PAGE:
Recurring debt is a term that describes ongoing payments on financial obligations you can’t easily cancel, such as a mortgage payment, child support or a student loan. Technically, the debt doesn’t recur; the payment does. In addition to the amount of principal reduction included in the payment, the interest on the loan is considered part of the recurring debt. Believe it or not, having some recurring debt can improve your credit score. Too much, however, can hurt you. Understanding what recurring debt is will help you manage your personal finances.
Debt considered recurring by lenders includes payments for obligations such as a car, mortgage, student loan, child support and minimum credit card balance payments. If you pay off your entire balance on credit cards each month, these payments don’t count as recurring debt. If you bought a flat screen TV and are paying it off monthly, that’s considered recurring debt because you can’t easily cancel your payments. If you subscribe to a magazine or have an Internet or phone contract, those obligations are not considered recurring debt because there is no fixed debt amount you are paying down and you can cancel your contract.
One way to help determine whether your monthly debt qualifies as recurring is to look at your fixed expenses. Recurring debt usually requires that you make the same payment each month. As you go down the list of your fixed expenses, you should be able to spot those that are loan or credit payments and those that are easily cancelable contracts for services, such as insurance and subscriptions.
Some of your variable expenses reoccur each month, such as groceries and utilities, but they do not qualify as recurring debt because they are not long-term obligations for the repayment of debt. Some recurring debt is variable, such as older mortgage payments that decline as you have paid off interest and credit card payments that vary with your balances.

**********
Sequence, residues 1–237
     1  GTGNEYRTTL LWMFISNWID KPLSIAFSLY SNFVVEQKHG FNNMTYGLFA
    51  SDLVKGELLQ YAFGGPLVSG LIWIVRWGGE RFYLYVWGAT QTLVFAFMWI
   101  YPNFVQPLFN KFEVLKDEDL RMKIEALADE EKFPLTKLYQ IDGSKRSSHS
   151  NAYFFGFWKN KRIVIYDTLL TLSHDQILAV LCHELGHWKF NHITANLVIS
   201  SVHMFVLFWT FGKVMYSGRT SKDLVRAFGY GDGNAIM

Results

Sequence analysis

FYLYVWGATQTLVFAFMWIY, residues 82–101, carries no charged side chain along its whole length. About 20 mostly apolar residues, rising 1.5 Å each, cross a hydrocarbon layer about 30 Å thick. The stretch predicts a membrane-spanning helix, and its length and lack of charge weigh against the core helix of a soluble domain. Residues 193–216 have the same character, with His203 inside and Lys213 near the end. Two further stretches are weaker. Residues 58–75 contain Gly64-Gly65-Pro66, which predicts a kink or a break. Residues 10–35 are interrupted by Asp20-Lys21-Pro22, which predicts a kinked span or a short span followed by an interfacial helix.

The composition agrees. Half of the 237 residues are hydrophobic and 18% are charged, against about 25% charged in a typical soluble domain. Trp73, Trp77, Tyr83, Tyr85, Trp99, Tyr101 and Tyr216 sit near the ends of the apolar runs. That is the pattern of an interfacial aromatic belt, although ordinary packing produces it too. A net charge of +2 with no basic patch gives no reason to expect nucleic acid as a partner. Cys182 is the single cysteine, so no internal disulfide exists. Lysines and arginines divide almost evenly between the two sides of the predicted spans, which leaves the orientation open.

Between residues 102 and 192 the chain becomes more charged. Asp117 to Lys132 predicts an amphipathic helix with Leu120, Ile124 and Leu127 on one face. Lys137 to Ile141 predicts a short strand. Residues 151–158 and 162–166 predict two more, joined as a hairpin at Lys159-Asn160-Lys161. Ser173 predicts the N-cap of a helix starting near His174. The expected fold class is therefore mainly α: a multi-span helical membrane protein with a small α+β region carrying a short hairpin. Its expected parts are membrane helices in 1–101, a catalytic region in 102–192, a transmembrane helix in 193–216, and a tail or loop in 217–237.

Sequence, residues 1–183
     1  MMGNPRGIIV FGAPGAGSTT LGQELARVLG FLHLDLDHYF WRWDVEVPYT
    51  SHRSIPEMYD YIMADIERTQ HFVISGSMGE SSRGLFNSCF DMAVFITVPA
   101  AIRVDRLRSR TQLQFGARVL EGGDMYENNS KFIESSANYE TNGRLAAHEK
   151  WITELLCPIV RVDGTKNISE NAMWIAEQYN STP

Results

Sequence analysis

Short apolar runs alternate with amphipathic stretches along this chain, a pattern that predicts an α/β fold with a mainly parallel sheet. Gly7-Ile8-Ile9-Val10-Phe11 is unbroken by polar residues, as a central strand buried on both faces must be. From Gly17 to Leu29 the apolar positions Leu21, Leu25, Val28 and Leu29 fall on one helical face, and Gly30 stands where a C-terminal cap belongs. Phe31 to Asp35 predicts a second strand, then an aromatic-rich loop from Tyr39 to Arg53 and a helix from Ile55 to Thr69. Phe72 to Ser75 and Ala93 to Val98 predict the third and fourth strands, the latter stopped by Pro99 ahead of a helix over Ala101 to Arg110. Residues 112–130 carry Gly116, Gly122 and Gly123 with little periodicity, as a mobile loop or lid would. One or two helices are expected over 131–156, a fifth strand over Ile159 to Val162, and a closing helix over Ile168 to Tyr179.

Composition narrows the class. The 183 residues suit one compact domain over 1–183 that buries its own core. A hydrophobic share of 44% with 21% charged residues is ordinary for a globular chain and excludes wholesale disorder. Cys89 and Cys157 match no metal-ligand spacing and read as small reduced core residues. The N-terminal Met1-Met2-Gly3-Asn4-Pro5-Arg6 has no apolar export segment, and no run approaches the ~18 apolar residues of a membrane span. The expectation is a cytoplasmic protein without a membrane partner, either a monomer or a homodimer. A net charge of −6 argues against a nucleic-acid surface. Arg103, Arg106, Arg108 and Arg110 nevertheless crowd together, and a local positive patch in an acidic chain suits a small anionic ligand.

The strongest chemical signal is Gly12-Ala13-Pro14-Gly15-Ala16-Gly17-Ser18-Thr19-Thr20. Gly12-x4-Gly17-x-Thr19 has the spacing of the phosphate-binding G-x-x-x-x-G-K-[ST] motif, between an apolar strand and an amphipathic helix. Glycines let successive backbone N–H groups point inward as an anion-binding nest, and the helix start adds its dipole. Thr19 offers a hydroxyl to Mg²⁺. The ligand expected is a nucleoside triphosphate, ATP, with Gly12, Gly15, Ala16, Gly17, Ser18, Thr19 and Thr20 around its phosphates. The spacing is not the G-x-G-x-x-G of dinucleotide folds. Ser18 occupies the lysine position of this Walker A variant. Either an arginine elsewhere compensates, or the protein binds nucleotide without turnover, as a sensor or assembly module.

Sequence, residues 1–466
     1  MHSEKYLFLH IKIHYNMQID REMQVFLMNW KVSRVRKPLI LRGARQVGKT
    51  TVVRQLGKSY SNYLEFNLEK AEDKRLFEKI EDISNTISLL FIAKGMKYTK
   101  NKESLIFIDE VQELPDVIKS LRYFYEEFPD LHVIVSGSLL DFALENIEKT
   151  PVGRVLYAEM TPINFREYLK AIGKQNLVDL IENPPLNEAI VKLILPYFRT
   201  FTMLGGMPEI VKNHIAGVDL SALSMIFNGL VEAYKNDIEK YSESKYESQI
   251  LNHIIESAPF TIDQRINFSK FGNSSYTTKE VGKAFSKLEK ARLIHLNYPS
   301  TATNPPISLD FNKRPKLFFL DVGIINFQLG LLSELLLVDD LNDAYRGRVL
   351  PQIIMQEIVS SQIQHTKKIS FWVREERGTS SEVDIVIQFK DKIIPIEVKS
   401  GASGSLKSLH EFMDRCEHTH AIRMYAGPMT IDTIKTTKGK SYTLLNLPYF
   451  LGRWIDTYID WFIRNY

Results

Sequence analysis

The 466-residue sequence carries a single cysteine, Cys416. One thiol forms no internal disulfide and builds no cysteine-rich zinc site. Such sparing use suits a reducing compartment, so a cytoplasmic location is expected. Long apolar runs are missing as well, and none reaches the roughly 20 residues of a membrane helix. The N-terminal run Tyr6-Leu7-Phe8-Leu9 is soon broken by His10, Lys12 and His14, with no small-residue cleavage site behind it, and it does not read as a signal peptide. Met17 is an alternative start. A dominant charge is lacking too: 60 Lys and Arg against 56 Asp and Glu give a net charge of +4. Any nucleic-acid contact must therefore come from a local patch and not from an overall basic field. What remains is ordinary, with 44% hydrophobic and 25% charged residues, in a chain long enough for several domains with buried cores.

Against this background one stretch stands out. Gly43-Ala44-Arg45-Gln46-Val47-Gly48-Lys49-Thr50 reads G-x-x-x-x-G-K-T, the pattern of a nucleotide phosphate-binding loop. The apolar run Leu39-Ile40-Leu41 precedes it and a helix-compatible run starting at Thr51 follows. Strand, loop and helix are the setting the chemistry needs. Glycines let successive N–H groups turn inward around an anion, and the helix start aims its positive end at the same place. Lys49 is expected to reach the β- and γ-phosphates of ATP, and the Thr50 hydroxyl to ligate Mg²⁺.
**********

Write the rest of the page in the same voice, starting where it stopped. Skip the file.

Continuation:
Impact on Credit
Recurring debt helps creditors and potential lenders determine your debt-to-income ratio. This is the amount of money you owe toward debt repayment compared to your income. The debt-to-income ratio often is used to determine whether you qualify for a mortgage. Knowing what your recurring debts are help you determine if you can pay any of those off to improve your chance to qualify for a home loan. Having some recurring debt, also known as an installment account, helps boost your credit score, because it shows that lenders considered you a good long-term risk.
- Jupiterimages/Comstock/Getty Images
- FHA Debt Ratio
- Recommended Debt Limit for a Home Mortgage
- Can a Person on Disability Purchase a Mortgage?
- First Time Homebuyer Checklist
- Credit Card vs. Fixed-Interest Loan Payments
- Can You Get a Mortgage if You Work as a Temp?
- Does a Forgivable Student Loan Become Taxable Income?
- Do Mortgage Companies Go by Credit Score or Credit History?